|Subject:||New publication on elephant seal vocal recognition|
|From:||Stephen Insley <>|
|Date:||Tue, 13 Dec 2011 23:53:47 -0800|
The following paper is now available online:|
Insley, S.J. and Holt, M.M. 2012. Do male northern elephant seals recognize individuals or merely relative dominance rank? J. Acoust. Soc. Am. 131 (1), pp. EL35-41. Published Online 13 December 2011.
Vocal recognition was tested in a socially dynamic context where many individuals interact: the female defense polygyny practiced by male northern elephant seals. The goal was to tease apart whether animals recognize other individuals or instead use a simple rule-based category (i.e., relative dominance rank). A total of 67 playback experiments conducted with 18 males at An˜o Nuevo State Reserve, California, tested three aspects of recognition: (1) recognition of relative rank; (2) whether such recognition was continuous or categorical; and (3) recognition of familiarity. Results indicate that males recognize familiar individuals although responses are primarily based on relative dominance rank.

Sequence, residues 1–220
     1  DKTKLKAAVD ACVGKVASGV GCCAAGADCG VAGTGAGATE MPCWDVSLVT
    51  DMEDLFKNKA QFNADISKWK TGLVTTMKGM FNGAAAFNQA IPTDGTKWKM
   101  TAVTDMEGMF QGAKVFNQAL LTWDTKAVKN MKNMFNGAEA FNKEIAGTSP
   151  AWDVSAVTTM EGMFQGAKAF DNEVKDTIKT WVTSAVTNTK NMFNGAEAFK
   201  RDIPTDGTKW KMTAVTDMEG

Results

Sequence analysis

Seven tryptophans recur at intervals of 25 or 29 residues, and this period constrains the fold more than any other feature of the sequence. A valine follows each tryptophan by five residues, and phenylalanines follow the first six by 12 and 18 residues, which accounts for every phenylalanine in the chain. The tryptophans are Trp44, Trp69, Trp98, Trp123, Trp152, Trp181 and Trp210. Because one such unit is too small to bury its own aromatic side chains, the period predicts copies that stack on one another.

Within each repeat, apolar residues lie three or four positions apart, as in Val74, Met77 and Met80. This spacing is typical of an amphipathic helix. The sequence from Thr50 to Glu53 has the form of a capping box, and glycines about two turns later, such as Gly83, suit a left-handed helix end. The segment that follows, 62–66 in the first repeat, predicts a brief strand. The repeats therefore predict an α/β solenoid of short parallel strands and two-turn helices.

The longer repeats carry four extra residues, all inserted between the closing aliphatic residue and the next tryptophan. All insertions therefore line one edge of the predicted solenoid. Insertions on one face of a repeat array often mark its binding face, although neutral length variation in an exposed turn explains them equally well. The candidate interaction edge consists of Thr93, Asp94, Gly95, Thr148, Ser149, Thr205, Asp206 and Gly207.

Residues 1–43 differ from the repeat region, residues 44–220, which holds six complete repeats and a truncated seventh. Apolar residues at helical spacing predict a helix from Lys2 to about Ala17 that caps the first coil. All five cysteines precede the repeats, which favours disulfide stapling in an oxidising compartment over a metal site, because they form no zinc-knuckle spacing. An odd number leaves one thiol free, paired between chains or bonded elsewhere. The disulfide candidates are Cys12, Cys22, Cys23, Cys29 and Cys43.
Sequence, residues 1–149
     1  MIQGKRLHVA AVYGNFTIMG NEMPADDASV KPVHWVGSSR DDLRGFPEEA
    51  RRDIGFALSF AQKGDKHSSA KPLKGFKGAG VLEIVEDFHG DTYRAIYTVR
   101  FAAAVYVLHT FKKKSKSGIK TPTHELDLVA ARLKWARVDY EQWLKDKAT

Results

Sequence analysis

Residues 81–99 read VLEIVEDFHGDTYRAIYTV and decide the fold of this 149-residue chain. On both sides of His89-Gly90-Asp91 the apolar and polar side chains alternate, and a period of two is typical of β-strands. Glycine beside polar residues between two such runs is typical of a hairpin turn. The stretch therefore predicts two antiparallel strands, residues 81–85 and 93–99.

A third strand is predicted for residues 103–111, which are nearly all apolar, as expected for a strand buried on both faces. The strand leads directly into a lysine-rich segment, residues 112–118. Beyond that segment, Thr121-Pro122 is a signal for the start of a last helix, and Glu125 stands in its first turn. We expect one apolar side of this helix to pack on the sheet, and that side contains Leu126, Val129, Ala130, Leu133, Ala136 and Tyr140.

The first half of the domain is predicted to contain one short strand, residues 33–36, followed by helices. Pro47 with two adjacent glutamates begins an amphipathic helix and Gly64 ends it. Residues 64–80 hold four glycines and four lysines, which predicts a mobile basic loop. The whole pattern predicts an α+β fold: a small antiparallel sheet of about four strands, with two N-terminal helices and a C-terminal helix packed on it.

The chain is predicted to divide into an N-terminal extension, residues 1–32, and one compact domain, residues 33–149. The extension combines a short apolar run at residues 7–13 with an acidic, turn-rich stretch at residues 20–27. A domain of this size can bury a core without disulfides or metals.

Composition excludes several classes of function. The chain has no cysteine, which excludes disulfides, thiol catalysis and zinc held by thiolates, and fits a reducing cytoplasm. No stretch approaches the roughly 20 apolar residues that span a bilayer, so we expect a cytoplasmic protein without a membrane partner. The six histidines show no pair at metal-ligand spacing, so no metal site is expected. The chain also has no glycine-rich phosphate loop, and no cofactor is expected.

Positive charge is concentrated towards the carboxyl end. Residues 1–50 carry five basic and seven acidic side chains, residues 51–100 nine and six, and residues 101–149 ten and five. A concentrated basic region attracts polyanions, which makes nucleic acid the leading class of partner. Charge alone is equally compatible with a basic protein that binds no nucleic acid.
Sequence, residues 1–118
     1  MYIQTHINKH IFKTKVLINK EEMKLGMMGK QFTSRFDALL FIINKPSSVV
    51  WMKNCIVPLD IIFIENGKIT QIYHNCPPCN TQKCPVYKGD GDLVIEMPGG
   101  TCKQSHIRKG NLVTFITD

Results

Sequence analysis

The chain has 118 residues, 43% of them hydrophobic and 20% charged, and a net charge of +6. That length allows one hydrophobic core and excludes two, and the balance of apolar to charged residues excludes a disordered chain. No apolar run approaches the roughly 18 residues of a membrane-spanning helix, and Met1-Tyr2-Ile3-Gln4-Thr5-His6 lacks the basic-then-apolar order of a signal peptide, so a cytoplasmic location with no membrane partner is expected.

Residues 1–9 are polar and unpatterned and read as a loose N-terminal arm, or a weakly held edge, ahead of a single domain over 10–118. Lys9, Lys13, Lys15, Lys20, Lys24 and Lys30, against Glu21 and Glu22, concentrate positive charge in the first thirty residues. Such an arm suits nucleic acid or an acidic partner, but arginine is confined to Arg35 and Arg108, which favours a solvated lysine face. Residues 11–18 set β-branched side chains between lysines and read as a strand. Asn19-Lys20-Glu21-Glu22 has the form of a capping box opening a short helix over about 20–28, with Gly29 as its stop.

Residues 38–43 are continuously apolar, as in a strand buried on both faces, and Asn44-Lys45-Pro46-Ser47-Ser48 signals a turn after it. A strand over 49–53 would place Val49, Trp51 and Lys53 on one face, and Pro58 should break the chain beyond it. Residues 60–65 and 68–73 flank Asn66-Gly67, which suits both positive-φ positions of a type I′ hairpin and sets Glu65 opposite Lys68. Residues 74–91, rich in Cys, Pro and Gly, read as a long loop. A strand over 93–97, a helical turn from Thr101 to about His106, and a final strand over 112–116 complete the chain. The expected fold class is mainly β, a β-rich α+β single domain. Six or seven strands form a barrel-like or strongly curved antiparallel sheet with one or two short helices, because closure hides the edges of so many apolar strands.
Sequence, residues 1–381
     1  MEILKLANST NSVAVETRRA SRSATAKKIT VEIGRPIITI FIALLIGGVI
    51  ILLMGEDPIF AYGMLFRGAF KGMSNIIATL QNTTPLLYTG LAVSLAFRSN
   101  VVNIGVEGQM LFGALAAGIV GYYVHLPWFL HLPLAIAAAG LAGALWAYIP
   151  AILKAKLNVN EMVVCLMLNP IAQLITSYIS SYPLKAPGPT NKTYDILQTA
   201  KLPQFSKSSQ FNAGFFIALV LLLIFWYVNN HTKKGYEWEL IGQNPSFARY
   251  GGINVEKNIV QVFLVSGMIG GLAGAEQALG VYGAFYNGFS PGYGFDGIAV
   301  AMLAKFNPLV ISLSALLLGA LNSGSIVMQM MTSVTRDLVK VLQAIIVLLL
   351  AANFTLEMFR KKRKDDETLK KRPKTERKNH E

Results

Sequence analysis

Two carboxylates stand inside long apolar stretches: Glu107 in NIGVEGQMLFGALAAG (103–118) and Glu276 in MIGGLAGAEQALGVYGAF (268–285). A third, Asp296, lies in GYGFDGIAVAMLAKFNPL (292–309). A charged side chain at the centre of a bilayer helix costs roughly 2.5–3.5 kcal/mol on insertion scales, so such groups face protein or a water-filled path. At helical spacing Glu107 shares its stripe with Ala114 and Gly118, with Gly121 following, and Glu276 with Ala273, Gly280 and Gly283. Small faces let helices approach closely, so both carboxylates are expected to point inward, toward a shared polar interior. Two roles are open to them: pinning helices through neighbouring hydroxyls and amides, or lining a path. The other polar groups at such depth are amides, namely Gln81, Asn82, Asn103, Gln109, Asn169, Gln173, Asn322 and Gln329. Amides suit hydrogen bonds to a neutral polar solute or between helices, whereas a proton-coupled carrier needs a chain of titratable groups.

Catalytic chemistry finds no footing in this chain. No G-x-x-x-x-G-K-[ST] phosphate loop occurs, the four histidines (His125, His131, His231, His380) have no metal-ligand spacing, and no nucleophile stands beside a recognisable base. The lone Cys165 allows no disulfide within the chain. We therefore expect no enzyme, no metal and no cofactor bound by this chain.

|<Prev in Thread]||Current Thread||[Next in Thread>|
|Next by Date:||begging in absence, Diego Gil|
|Next by Thread:||begging in absence, Diego Gil|
|Indexes:||[Date] [Thread] [Top] [All Lists]|
The University of NSW School of Computer and Engineering takes no responsibility for the contents of this archive. It is purely a compilation of material sent by many people to the Bioacoustics-L mailing list. It has not been checked for accuracy nor its content verified in any way. If you wish to get material removed from the archive or have other queries about the archive e-mail Andrew Taylor at this address: firstname.lastname@example.org.EDU.AU